Thursday, 13 November 2014

Three new species of Omalogyrid Snails from the southern West Coast of North America.


Omalogyrid Snails are among the smallest known Gastropods, with adult body sizes often comparable with larger Protozoans (single-celled ‘animals’). As such they tend only to be collected in surveys which directly target them, rather than general surveys of Mollusc faunas, and are often undocumented even in areas where other Molluscs have been studied extensively. Omalogyrid Snails are not well studied, and neither relationships within the group, nor the relationship of the group to other Gastropods are understood. Neither is much known about the ecology or life-histories of these Snails, though they are thought to all be algae consumers, and those species whose reproductive behaviour and life cycles have been observed are hermaphrodites (all individuals poses male and female sexual organs), with the young emerging from the eggs as crawling larvae rather than a separate planktonic phase.

In a paper published in the journal Zootaxa on 7 October 2014, AndréSartori and Rüdiger Bieler of the Field Museum of Natural History in Chicago describe three new species of Omalogyrid Snails from the southern West Coast of North America, all of which are placed in the genus Ammonicera, from the collection of the Natural History Museum ofLos Angeles County.

The first new species described is named Ammonicera sleursi, in honour of Willy Sleurs of the Royal BelgianInstitute of Natural Sciences, for his work on Omalogyrid Snails. The species is described from 92 specimens collected from locations at Mission Bay in San Diego County, California, on the coasts of Jalisco and Baja California States in Mexico, at depths of between 2 and 100 m. Ammonicera sleursi reaches about 0.7 mm in width and has a disk-shaped shell, glossy and fawn on colour, with a broad spiral cord on the early whorls of the shell, which disappears on the outer whorls (as the Snail reaches maturity).

Ammonicera sleursi. (A–B) Apical views; (A) general view; (B) detail of the protoconch (interpreted boundary between protoconch and teleoconch at arrowhead); (C–D) Umbilical views; (C) general view; (D) detail of the protoconch; (E) dorsal view; (G) apical view, showing colouration; (F) apertural view; (H) specimen from Los Arcos, apical view showing wide grooves between spiral cords. Scale bars: (A, C, E–G) are 0.2 mm; (B, D, H) are 0.1 mm. Sartori & Bieler (2014).

The second new species described is named Ammonicera mcleani, in honour of James McLean of the Natural History Museum of Los Angeles County, an expert on eastern Pacific Gastropods, who collected much of the material used in the study. The species is described 19 specimens locations in Baja California State in Mexico, at depths of between 3 and 25 m. Ammonicera mcleani reaches about 0.52 mm in width, and has a disk-shaped glossy amber shell, with inner and outer spiral cords and 19-21 nodules around its outer whorl.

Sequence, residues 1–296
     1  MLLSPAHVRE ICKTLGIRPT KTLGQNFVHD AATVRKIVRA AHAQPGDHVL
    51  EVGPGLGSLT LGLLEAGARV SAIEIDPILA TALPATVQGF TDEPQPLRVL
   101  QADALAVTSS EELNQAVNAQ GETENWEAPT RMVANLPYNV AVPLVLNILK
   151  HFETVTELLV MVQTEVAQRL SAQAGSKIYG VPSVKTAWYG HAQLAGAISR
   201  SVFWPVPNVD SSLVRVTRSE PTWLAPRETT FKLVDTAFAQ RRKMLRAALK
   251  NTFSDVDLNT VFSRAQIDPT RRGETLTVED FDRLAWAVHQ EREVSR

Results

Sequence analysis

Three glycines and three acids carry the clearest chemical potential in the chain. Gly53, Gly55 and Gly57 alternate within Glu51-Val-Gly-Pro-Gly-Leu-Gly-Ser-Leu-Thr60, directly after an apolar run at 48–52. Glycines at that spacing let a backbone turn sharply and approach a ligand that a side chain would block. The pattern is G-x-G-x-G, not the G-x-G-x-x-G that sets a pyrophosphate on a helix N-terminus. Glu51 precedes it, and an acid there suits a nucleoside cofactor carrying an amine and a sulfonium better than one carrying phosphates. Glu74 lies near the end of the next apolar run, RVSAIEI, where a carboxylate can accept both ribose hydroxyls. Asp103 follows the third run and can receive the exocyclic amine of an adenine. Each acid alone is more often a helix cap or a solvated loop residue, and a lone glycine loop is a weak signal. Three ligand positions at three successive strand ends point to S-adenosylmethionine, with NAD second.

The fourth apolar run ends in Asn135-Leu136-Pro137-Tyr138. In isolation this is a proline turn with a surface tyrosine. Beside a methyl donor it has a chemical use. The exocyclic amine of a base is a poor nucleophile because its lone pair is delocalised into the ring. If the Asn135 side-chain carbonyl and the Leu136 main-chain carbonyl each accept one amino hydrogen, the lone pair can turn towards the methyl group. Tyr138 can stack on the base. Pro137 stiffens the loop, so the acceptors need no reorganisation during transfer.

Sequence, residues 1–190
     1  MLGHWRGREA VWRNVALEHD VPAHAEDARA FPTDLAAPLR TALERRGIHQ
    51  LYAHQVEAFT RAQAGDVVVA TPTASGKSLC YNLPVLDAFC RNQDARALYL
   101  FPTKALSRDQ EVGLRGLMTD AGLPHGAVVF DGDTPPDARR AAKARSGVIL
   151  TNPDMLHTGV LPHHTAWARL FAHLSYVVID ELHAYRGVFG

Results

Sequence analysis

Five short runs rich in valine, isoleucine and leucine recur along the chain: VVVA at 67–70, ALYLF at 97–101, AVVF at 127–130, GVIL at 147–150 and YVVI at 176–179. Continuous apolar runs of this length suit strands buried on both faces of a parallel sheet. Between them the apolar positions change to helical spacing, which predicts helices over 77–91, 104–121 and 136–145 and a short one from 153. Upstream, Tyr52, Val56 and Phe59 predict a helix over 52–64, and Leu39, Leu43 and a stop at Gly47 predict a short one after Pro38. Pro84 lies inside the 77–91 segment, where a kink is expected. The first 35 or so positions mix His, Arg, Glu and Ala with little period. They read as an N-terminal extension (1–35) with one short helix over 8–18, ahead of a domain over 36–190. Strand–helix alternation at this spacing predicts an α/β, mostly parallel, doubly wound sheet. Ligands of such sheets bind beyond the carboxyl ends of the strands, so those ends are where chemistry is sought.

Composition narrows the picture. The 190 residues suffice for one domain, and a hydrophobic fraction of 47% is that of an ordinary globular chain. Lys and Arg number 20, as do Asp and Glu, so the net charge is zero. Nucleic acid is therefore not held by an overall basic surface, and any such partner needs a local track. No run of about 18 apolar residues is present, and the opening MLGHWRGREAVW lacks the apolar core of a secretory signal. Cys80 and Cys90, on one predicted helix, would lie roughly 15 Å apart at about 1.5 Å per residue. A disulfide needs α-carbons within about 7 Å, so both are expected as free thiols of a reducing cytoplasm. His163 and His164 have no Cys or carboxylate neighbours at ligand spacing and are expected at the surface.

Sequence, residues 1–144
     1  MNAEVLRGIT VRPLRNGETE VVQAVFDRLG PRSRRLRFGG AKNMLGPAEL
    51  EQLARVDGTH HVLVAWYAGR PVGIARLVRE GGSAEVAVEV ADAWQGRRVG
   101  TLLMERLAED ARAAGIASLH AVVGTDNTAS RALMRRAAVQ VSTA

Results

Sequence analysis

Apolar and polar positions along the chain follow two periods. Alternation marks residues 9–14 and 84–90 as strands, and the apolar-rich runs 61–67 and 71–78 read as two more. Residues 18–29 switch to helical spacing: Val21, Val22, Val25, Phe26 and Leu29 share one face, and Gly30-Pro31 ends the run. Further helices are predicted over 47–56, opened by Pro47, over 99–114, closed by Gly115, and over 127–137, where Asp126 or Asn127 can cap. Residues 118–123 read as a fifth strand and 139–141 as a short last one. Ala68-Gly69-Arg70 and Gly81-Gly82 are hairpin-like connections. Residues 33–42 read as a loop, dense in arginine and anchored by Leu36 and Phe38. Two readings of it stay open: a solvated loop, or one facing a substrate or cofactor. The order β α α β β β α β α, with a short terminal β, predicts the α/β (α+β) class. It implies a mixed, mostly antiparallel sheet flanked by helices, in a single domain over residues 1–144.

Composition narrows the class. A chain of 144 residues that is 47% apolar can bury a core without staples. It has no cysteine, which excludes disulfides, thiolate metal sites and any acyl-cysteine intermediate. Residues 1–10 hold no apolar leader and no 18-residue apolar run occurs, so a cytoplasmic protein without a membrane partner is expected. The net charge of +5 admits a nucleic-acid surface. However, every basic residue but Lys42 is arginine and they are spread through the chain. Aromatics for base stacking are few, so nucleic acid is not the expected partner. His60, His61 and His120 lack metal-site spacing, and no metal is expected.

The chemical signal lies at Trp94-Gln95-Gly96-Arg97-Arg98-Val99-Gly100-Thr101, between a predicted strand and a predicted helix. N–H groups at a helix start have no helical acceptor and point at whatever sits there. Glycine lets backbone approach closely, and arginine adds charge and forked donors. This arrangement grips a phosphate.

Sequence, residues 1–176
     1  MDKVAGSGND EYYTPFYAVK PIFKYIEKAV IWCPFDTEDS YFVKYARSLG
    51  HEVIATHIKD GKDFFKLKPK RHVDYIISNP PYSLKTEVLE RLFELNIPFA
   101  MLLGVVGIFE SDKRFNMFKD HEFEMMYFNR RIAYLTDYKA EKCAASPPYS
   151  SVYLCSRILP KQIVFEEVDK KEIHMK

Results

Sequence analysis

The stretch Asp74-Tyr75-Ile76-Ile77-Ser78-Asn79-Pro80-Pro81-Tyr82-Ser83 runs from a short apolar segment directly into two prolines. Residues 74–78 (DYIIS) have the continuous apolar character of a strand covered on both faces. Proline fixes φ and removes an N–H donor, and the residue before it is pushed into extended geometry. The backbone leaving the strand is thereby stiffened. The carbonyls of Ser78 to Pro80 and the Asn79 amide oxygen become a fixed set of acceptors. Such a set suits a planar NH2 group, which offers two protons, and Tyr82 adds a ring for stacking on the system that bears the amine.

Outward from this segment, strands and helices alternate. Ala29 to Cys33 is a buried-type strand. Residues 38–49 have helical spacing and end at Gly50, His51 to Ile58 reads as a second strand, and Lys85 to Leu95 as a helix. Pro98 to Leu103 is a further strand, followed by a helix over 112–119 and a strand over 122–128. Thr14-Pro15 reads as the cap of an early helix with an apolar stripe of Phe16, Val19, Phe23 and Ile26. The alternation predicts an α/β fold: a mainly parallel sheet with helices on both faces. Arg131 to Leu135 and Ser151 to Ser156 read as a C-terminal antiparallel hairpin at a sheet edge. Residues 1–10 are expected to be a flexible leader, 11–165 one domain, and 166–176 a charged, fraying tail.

Ammonicera mcleani. (A–C) Apical views; (A) general view; (B) detail of the protoconch; (C) colouration; (D–E) paratype 1, umbilical views; (D) general view; (E) detail of the protoconch (interpreted boundary between protoconch and teleoconch at arrowhead); (F) dorsal view; (G) apertural view. Scale bars: (A, C, D, F, G) are 0.2 mm; (B, E) are 0.1 mm. Sartori & Bieler (2014).

The final new species is named Ammonicera mexicana, in reference to where it was found. The species is described from 24 specimens, from Jalisco State, and the islands of Isabela and Roqueta on the Mexican Pacific Coast, collected at depths of between 1.5 and 20 m. Ammonicera mexicana reaches about 0.57 mm in width, and has a disk-shaped, glossy, amber shell with central and outer spiral cords and 14-20 nodules on its outer whorl.

Ammonicera mexicana. (A–C) apical views; (A) general view; (B) detail of the protoconch (interpreted boundary between protoconch and teleoconch at arrowhead); (C) colouration; (D–E) umbilical views; (D) general view; (E) detail of the protoconch; (F) dorsal view; (G) apertural view. Scale bars: (A, C, D, F, G) are 0.2 mm; (B, E) are 0.1 mm. Sartori & Bieler (2014).

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